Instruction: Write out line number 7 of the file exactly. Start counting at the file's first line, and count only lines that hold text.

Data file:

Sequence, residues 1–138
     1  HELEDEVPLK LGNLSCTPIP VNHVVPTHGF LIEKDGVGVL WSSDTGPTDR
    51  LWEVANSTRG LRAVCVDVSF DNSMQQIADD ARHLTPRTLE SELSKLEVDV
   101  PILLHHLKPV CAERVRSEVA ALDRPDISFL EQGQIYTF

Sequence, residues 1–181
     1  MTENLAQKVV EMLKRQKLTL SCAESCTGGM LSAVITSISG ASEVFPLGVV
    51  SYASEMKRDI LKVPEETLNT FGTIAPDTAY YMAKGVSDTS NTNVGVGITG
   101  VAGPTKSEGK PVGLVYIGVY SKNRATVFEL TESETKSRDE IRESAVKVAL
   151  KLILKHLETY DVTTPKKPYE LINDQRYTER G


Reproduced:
    51  SYASEMKRDI LKVPEETLNT FGTIAPDTAY YMAKGVSDTS NTNVGVGITG